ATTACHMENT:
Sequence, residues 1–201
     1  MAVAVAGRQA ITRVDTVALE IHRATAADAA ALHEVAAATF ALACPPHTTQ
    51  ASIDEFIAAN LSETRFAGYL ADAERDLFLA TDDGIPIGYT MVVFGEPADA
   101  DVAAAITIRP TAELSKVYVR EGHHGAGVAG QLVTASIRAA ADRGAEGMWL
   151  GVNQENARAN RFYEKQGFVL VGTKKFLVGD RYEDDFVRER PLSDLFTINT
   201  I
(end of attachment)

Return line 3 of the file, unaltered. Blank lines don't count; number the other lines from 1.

    51  ASIDEFIAAN LSETRFAGYL ADAERDLFLA TDDGIPIGYT MVVFGEPADA